What is the difference between Vegan and Vegetarian?
Vegan diet philosophy excludes all animal based products (meat, chicken, fish, seafood, eggs and dairy). Some people following a vegan diet philosophy even avoid honey.
Vegetarian diet choices exclude all animal products, but include animal produced foods such as eggs and dairy (which is what we call ovo & lacto respectfully).
What is the benefit to me?
With an increasing amount of focus on climate change and our environment vegan and vegetarian diets certainly leave a smaller carbon footprint through their reduced impact on production & agriculture.
In terms of health, vegan and vegetarian diets are typically lower in total and saturated fat and higher in dietary fibre (from all those vegetables and fruits). However, being 'vegan' or 'vegetarian' does not guarantee someone is eating 'healthier' .
So vegetarians eat more vegetables?
You would think so right? Unfortunately this is not always the case. Often there continues to be a low intake of fruit and vegetables and a dramatically higher intake of carbohydrates (such as mushroom risotto, hot chips or spaghetti napolitana). Mammals (including humans) instinctively eat to the point at which we we have consumed enough protein and; unless well balanced; adequate protein can be tricky on vegan (and to a lesser extent vegetarian) diets, thus increasing portion size consumed.
Is there any risk to my health?
Mostly a well balanced vegetarian or vegan diet is very healthy, although the key is well balanced. On a vegan diet getting enough protein, iron, zinc, calcium and Vitamin B12 is very tricky (B12 typically needs to be supplemented). The key is to focus on plant based proteins (legumes, lentils, nuts, seeds and soy (milk, tofu, cheese) products) and ensure some at EACH MEAL. Specifically legumes/lentils, cashews and amaranth (it's a grain) are key sources of iron for vegetarians/vegans (key particularly for women). A squeeze of lemon juice should always be added to meals to increase absorption of iron from your digestive tract. You should always check the calcium content of your non-dairy milks to ensure it at least matches dairy milk at 300mg/250ml serve.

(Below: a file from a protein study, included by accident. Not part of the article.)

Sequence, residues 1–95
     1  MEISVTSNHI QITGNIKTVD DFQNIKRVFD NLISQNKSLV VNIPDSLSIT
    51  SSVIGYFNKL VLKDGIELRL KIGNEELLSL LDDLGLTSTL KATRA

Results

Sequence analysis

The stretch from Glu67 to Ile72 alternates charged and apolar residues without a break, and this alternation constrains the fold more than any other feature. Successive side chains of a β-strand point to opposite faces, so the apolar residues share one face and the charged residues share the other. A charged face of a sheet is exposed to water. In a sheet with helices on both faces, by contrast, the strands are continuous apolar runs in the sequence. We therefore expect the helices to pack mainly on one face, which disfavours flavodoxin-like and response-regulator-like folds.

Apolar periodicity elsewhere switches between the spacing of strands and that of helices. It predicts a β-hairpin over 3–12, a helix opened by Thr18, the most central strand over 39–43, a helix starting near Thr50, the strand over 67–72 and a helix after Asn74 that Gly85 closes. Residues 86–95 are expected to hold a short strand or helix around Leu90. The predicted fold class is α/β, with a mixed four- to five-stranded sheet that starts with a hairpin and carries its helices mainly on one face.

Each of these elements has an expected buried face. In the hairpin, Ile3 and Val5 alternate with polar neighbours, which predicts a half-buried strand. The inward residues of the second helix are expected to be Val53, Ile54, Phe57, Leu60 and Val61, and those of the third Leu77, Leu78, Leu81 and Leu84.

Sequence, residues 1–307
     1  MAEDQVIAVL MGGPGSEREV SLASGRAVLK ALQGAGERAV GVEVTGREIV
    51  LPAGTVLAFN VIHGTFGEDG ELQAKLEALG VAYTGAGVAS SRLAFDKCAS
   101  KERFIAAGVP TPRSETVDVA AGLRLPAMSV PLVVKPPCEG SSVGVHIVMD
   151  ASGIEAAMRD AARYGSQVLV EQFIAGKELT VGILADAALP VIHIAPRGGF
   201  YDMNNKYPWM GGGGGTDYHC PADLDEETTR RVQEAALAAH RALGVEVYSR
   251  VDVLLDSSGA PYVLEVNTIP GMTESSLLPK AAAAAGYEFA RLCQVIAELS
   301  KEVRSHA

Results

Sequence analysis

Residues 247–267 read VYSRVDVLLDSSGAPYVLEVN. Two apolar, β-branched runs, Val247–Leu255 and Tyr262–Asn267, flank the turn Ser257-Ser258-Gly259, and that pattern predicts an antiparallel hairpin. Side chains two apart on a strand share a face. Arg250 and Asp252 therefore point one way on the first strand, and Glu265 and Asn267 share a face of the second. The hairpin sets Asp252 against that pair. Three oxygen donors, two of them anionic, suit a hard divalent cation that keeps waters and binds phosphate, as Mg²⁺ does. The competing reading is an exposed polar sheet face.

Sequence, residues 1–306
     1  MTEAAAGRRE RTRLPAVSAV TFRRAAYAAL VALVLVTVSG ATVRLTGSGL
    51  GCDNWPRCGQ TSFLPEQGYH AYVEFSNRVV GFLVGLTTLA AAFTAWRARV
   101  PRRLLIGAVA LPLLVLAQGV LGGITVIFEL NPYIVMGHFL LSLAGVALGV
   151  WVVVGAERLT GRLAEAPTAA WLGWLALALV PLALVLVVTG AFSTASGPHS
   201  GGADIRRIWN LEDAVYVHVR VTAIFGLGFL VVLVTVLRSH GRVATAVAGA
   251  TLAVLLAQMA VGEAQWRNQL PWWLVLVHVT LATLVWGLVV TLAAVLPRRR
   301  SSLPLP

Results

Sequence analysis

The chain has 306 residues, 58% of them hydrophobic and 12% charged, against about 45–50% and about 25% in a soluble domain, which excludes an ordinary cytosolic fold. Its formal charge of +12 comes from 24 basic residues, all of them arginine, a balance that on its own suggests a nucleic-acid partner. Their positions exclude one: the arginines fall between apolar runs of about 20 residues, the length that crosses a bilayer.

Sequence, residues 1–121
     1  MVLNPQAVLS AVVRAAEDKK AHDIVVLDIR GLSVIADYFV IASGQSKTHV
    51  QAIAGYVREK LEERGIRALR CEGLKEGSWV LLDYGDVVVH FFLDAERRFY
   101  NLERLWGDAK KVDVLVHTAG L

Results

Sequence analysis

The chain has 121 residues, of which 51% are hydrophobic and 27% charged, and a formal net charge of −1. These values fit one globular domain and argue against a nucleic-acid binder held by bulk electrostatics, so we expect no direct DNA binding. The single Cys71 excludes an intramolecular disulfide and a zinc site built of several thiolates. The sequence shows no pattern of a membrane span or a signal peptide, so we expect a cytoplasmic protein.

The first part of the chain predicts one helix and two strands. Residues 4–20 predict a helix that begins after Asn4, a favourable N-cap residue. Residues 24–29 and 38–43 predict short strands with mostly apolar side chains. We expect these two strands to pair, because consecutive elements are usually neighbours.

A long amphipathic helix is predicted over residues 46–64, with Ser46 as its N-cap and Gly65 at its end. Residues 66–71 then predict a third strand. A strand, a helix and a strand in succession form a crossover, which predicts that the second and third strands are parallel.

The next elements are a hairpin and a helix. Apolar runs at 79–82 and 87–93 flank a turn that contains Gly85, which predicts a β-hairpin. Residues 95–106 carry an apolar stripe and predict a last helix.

Vegetarian diets are much easier to balance (with eggs and dairy providing more protein, B12 and calcium options), however iron is still tricky (particularly for women who have a higher need for iron than men).
What is pescetarian?
Pescetarian eating is choosing to avoid meat and poultry but continuing to eat fish and seafood. This strategy adds in a lot more flexibility (particularly when eating out) without the carbon footprint from land based livestock.
What is flexitarian?
This is the strategy we like the most. Flexitarian philosophy (otherwise called 'casual vegetarian') is when people mostly chose vegetarian choices (with a high intake of legumes, lentils, tofu and nuts), however are accepting and happy to consume chicken, fish or meat occasionally.
We like this option because it promotes plant based diets, while still being 'flexible' enough to manage social situations (like family BBQ or eating out). It also is more of a choice than a 'rule' that is often attached to vegan/vegetarian diets.
Are all milks created equal?
You have probably noticed an explosion of choice in the milk section of your supermarket, particularly on the shelf. With increasing numbers of consumers choosing vegan lifestyles, and the perception that non-dairy milks are 'healthier' a whole new market has opened up for manufacturers.